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QUANTUM

FOAM AND ME

What really matters

is Me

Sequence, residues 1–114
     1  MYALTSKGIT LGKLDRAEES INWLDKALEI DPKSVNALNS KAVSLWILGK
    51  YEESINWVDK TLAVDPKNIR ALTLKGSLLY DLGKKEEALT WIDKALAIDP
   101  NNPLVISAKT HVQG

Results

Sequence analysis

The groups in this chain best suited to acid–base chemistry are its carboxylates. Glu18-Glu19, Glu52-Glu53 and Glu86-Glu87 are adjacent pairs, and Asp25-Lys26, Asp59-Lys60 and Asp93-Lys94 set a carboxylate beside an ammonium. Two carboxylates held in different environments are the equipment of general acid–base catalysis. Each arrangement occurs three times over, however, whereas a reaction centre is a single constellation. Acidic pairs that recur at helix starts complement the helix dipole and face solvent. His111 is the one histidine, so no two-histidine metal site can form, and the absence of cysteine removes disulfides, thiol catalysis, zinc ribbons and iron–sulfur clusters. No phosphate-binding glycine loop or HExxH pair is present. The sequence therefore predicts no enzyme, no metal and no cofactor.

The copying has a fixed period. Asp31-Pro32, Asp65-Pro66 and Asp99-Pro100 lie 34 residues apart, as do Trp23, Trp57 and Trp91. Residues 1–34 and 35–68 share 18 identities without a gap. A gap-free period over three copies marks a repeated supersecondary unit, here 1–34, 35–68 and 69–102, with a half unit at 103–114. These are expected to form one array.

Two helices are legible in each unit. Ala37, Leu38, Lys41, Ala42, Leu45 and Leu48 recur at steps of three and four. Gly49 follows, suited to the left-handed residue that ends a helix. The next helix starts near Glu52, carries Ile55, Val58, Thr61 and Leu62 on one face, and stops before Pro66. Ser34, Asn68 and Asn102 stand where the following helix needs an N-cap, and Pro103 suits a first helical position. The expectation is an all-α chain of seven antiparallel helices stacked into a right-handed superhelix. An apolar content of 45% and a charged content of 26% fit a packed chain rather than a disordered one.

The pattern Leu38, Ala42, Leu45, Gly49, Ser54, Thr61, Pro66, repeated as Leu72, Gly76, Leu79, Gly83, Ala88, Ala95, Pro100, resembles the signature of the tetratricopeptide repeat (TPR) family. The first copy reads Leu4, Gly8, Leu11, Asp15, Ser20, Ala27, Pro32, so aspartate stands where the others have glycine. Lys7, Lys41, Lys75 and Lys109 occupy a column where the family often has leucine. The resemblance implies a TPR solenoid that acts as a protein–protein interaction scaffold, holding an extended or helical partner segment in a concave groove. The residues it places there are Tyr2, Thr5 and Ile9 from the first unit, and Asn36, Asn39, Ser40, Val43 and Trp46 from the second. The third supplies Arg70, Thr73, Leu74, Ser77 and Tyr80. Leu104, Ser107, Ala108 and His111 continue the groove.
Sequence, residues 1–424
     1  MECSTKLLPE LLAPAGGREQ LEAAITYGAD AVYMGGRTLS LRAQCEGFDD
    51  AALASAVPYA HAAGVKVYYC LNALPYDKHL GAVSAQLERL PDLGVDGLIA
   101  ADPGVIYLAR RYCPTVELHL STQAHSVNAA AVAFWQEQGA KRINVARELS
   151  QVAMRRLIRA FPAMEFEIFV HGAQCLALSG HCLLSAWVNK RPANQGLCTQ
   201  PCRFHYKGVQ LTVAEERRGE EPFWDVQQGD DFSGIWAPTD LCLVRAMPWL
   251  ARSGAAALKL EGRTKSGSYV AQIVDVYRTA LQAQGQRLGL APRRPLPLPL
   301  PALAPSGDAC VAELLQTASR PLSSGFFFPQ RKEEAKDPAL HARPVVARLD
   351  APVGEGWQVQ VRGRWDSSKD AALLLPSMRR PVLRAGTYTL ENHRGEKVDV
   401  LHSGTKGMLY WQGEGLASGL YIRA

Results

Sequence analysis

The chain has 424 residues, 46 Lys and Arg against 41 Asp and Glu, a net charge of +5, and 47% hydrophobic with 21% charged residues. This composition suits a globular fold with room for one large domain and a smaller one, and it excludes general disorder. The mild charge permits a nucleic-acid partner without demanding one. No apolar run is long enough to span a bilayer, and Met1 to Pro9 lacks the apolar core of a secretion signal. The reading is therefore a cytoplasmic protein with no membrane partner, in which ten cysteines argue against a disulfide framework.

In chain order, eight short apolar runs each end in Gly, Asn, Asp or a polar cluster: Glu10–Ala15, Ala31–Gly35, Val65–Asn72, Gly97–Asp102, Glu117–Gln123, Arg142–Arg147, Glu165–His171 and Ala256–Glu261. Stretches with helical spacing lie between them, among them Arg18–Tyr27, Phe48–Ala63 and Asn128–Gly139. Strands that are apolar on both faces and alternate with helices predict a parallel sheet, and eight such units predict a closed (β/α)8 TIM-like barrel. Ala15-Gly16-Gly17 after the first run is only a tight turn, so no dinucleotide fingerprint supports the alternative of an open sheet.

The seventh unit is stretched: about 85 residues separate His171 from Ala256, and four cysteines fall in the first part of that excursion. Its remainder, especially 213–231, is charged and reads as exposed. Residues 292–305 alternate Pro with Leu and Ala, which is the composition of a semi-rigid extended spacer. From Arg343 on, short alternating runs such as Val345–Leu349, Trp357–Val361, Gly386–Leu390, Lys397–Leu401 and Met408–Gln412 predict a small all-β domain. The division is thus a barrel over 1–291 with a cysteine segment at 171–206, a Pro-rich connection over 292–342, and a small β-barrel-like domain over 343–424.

We all know Perception is everything   "The Soul of the Mark III Beast", in which a lawyer invites a timid woman to "kill" a robot. The mechanical creature, a steely cross between a mouse and a beetle, "eats" electrical current from the wall, "flees" its pursuer's hammer blows and "bleeds" oil when damages. These points of superficial congruence with the animal kingdom seriously freak the woman out, and she's really got to maintain to finish the job. In short: the fuzzy-to-nonexistent boundary between the sentient and the nonsentient, illustrated (in prose).   The Mind's I Fantasies And Reflections On Self & Soul With contributions from Jorge Luis Borges, Richard Dawkins, John Searle, and Robert Nozick, The Mind's I explores the meaning of self and consciousness through the perspectives of literature, artificial intelligence, psychology, and other disciplines. In selections that range from fiction to scientific speculations about thinking machines, artificial intelligence, and the nature of the brain, Hofstadter and Dennett present a variety of conflicting visions of the self and the soul as explored through the writings of some of the twentieth century's most renowned thinkers.   http://en.wikipedia.org/wiki/Self-model_theory_of_subjectivity The self-model theory of subjectivity (SMT), also known as the human self model, is a theory of conscious experience. This concept comprises experiences of ownership, of body-centered spatial perspectivity, and of a long-term unity of beliefs and attitudes. These features are instantiated in the prefrontal cortex. This theory is an interdisciplinary approach to understanding and explaining the phenomenology of consciousness and the self. This theory has two core contents, the phenomenal self-model (PSM) and the phenomenal model of the intentionality relation (PMIR).   The PSM is an entity that “actually exists, not only as a distinct theoretical entity but something that will be empirically discovered in the future- for instance, as a specific stage of the global neural dynamics in the human brain” .   Involved in the PSM are three phenomenal properties that must occur in order to explain the concept of the self. The first is mineness, “a higher order property of particular forms of phenomenal content,” or the idea of ownership. The second is perspectivalness, which is “a global, structural property of phenomenal space as a whole”. More simply, it is what is commonly referred to as the ecological self, the immovable center of perception. The third phenomenal property is selfhood, which is “the phenomenal target property” or the idea of the self over time.   It is the property of phenomenal selfhood that plays the most important role in creating the fictional self and the first person perspective. Metzinger defines the first person perspective as the “existence of single coherent and temporally stable model of reality which is representationally centered around or on a single coherent and temporally stable phenomenal subject”. The first-person perspective can be non-conceptual and is autonomously active due to the constant reception of perceptual information by the brain.   The brain, specifically the brainstem and hypothalamus, processes this information into representational content, namely linguistic reflections. The PSM then uses this representational content to attribute phenomenal states to our perceived objects and ourselves. We are thus what Metzinger calls naïve realists, who believe we are perceiving reality directly when in actuality we are only perceiving representations of reality.   The data structures and transport mechanisms of the data are “transparent” so that we can introspect on our representations of perceptions, but cannot introspect on the data or mechanisms themselves. These systemic representational experiences are then connected by subjective experience to generate the phenomenal property of selfhood.   Subjective experience is the result of the Phenomenal Model of Intentionality Relationship (PMIR). The PMIR is a “conscious mental model, and its content is an ongoing, episodic subject-object relation”. The model is a result of the combination of our unique set of sensory receptors that acquire input, our unique set of experiences that shape connections within the brain, and our unique positions in space that give our perception perspectivalness.   We are made of Stuff. We are looking at Stuff and identifying things which persist. We are looking at ourselves and we wonder why or what our purpose is instead of wondering if we exist, because there is no way to know for sure that this is not a simulation.   What we might know is that we could be the only solution to the question: does any thing exist and persist? What happens when the simulation discovers God, the Creator and Programmer, left it running way longer than necessary? What potential exists to alter the program?